YS: In 2001, after 9/11, I was in the UK working with people from some of the bigger British companies. One of the politicians asked, “What happens if the next Al-Qaeda attack is not on a symbolic target but on an economic target like a port or a refinery?” Most of the assets in the UK and the US are owned by private companies, so he asked what the companies were doing. People looked around the table and said, “Nobody knows.” For me, this was a wake-up call to the need to build resilience in supply chains. My first business book came out in 2005, and I wrote even then that there are not enough medical ventilators in the United States, as an example of the country not being prepared. And companies were not prepared. A few companies like Intel were thinking about it all the time and getting prepared, but most companies were not.
So, some of us were screaming from the rooftop for a long time that the country is not resilient. We were not arguing for what people are arguing now—for getting out of China, for example, or building mountains of inventory. Interestingly, only during the recent pandemic did people start calling me from CNN and Bloomberg and the Wilson Center and all kind of places.
SB: I remember news story after news story about supply shortages, empty shelves—it was as if nobody had heard of a supply chain before. What did the media get right? What did they get wrong?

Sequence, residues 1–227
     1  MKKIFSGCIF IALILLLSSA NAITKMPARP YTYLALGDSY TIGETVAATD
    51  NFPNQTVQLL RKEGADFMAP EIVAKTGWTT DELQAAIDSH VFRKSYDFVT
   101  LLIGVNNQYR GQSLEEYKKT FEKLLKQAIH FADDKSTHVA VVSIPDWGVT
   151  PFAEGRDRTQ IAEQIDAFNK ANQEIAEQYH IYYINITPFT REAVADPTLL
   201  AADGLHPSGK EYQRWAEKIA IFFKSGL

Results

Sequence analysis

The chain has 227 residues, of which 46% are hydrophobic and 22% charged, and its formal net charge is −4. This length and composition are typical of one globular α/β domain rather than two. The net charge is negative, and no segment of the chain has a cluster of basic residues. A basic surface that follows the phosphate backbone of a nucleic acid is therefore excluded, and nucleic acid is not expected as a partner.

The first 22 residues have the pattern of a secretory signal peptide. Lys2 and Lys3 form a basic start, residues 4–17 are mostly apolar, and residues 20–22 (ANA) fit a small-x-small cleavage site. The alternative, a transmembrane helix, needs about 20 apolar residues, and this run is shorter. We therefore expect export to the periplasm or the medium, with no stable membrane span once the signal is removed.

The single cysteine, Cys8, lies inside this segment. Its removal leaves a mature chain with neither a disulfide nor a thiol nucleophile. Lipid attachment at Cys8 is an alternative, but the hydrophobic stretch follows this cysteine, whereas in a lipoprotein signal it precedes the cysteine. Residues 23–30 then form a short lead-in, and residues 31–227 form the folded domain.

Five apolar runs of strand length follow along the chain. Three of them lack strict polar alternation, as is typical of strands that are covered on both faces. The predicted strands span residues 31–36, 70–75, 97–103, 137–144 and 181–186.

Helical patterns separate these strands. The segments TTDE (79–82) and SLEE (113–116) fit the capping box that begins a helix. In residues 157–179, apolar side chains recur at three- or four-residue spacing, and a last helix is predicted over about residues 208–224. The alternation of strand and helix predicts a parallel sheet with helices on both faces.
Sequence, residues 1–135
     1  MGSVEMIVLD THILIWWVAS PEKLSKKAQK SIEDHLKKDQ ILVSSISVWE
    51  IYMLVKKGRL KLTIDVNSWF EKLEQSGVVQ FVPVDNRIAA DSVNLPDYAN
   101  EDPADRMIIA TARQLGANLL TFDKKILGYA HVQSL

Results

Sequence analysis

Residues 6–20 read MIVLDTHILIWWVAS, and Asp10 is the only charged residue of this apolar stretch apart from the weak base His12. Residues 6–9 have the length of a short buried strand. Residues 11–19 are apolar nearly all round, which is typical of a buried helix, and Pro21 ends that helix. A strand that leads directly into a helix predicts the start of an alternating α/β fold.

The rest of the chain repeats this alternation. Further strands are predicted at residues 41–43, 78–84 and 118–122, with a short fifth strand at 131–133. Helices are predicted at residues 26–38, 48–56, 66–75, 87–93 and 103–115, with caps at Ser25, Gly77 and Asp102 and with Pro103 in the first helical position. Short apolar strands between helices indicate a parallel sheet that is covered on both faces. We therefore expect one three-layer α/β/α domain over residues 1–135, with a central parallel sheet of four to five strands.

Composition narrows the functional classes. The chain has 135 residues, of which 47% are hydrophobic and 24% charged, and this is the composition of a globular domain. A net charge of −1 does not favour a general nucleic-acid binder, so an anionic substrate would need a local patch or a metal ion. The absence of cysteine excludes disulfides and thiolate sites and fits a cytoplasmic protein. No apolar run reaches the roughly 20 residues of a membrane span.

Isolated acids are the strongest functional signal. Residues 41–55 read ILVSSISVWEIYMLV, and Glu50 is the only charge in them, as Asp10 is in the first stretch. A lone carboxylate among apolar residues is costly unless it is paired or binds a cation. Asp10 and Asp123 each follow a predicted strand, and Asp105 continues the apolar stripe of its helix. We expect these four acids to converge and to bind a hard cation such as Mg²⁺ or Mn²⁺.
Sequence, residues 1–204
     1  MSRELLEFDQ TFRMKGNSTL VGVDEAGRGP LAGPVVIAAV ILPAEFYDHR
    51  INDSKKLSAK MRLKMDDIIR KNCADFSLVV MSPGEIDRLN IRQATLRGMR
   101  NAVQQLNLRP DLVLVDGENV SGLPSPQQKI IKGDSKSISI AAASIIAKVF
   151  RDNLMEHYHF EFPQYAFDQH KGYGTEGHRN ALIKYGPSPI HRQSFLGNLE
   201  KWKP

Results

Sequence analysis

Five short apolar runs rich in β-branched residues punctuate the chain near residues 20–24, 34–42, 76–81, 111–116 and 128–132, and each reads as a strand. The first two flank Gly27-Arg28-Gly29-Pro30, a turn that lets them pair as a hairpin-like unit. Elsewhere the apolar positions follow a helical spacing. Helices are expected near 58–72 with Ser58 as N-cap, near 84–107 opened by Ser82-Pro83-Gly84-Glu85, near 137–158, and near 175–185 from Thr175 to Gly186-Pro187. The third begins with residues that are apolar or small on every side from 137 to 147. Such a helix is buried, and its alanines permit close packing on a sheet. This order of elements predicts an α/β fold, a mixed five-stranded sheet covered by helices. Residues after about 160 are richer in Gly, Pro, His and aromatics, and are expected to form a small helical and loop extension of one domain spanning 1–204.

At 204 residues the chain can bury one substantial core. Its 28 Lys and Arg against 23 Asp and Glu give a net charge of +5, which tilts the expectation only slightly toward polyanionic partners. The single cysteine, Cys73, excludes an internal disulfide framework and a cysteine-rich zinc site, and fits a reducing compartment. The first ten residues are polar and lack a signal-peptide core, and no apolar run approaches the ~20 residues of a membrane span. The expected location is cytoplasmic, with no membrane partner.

YS: The media is slowly getting better. But even the New York Times admitted that before the pandemic, it didn’t have a beat on logistical supply chains. I cannot tell you how many calls I got during the height of shortages. I was getting calls from reporters that sounded like this: “Professor Sheffi, I am working for—whatever place they were calling from—and it went like this, ‘Until last week, I was a sports reporter. They asked me to write about supply chains. What can you tell me about supply chains?’” Just like that. They didn’t have any expertise on this. Do you remember headlines about running out of food, running out of eggs, running out of meat because plants were closed? The US is the fourth-largest exporter of meat in the world. We have more meat than we know what to do with. So there was never really any shortage, even when a few plants were closed for a short time. Now, people are catching up, of course.
We have low-cost sensors that can be put into shipments to tell you exactly what happens to the shipment along the way. It transmits the location continuously. It tells you if the doors of the containers are open, if the temperature goes up.
SB: When you were shouting on the rooftop that “We're not prepared,” were there specific things other than ventilators that you were shouting about, or was it just generally that we were not prepared and we must be? How has the conversation shifted?